10. Differences by sex were consistent by broad subject group, except for STEM taught masters courses, to which women were more likely than men to progress. Men were also more likely to stay at the same institution and to stay in the same subject area when progressing to PG courses the year after qualification. The difference in transition based on sex and POLAR quintiles were most striking for PG research and other PG study, where POLAR background effects alone were not sufficient to bridge the gap in transition for men and women. However, this is likely to be related to the choice of subject area by men and women, and the typical routes to PG study in these subjects.

11. Transition rates were presented by two broad ethnic groups: black and minority ethnic (BME) and white. Additional analysis presented breakdowns for specific ethnic groups within the BME grouping. BME students were more likely than white students to transition to taught masters courses, but less likely to go on to other PG or PGR courses. This could, at least in part, relate to the region of the institution and the subject area studied. The analysis showed that there was much variation by ethnic group and type of PG based on broad subject area, attainment at degree level and socio-economic background.

12. Transition by disabled students was higher for taught masters courses, and lower for other PG courses, than those who did not declare a disability. Analysis of disabled student transition rates were generally based on small numbers when combined with other factors such as broad subject area, first degree attainment and socio-economic background.

13. The funding source for undergraduate tuition fees was considered. Qualifiers without UG tuition fee funding were more likely to transition to taught masters courses but less likely to transition to PG research and other PG courses2. Furthermore, the propensity for non-funded students to transition to taught masters courses held true for all institutional groups.

Duration of transition rate

14. The focus of the report is on transition to postgraduate study in the academic year following qualification. However, some analysis was conducted on 2002-03 qualifiers to indicate how much the reported proportions would change if a longer break of study was allowed in the analysis. This showed that transition to a taught masters or other PG study more than doubled, from around 5 per cent using the one-year transition to around 13 per cent when using the nine-year transition.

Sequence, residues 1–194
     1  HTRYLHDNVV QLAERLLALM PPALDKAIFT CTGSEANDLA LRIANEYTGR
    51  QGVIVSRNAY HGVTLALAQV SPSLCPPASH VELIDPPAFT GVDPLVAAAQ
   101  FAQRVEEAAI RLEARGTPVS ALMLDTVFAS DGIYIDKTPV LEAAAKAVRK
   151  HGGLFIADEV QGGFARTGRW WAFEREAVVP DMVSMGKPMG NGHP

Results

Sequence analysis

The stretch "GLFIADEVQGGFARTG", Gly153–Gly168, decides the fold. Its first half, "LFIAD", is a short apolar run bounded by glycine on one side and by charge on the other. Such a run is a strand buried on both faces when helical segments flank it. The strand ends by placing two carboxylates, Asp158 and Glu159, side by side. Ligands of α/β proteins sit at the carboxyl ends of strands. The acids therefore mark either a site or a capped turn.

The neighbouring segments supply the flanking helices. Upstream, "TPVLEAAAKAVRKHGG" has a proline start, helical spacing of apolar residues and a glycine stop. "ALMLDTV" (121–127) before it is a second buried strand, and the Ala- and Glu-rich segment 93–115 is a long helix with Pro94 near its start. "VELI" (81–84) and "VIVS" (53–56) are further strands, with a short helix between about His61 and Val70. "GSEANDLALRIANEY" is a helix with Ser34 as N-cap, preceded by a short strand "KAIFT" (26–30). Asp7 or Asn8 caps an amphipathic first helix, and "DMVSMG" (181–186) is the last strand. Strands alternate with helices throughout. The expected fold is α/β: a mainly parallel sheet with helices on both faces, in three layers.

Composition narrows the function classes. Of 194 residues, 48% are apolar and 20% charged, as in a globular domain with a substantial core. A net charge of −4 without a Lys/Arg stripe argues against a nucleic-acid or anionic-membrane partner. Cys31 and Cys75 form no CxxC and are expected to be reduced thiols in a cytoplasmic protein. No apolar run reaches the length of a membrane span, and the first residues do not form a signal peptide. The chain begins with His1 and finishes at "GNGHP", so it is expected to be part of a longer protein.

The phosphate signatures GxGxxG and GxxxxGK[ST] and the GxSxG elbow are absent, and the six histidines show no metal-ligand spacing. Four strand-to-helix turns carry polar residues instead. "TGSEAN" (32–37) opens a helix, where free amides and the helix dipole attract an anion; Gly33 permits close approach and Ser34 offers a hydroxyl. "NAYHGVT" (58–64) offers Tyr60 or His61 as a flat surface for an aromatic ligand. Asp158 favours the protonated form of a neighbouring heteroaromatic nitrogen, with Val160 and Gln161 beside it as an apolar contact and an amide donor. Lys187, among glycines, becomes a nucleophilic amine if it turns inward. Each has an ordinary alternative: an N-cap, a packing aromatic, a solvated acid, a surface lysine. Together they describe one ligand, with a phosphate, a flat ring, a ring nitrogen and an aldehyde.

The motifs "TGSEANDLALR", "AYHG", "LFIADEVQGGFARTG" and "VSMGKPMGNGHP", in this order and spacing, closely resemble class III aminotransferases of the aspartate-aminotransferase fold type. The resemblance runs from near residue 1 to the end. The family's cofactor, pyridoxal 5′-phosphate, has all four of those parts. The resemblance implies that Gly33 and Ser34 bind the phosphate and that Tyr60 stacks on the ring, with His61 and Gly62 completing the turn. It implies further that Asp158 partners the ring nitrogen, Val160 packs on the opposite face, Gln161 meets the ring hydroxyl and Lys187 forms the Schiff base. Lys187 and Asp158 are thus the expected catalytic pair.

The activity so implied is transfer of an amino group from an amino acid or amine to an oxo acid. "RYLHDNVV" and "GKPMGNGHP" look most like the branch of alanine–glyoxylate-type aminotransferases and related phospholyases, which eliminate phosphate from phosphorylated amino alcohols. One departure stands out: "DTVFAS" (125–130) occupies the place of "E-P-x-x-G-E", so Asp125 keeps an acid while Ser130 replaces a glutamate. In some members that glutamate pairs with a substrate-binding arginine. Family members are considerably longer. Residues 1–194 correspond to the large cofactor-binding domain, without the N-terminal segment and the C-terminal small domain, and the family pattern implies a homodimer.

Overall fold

15. Allowing for a longer break of study enabled examination of the effect of using the first instance of PG study in the analysis. This was especially important for PG research transition rates, since some courses require students to have first completed a taught masters course. One-year transition to PG research was 1.7 per cent for 2002-03 qualifiers. The nine-year transition rate was 2.7 per cent for those going straight from UG qualification to PGR study, and 4.2 per cent when including students who studied another type of PG before PGR study.

16. Breaks of study are likely to be influenced by a number of factors including subject area and individual circumstances. However, focussing on young qualifiers and considering rates split by the participation of local areas (POLAR) measure of socio-economic background, the difference between transition rates for those from high- and low-participation areas increased as duration since qualification increased.

Further work

17. This work forms part of HEFCE’s ongoing study of postgraduate provision in the UK. Trends in transition will continue to be monitored and further explored through multivariate analysis of the data. The impact of initial transition to a taught masters course prior to PG research study will be an area of additional work. Other areas of interest are the types of student entering postgraduate study, increasing our understanding of part-time and mature learners and the effect of changes in UG funding to transition rates.

Action required

18. This document is for information only.


1. Other PG includes study for postgraduate certificate in education, professional taught qualifications and masters level diplomas and credits.

2. Students with no award or financial backing for their UG tuition fees typically fall into four categories: those not wishing to apply for support, those without support confirmed at the time of data collection, those applying to study for an equivalent or lower qualification than they already hold or those means tested not to be eligible for fee support (this applied to applicants in academic years 1999-00 to 2005-06).

Date: 2 July 2013

Ref: HEFCE 2013/13

To: Heads of HEFCE-funded higher education institutions

Of interest to those
responsible for:

Student opportunity, Planning, Widening participation, Postgraduate taught and research courses

Enquiries should be directed to:

Hannah White, tel 0117 931 7063, e-mail

Qualitative Analysis for Policy team, e-mail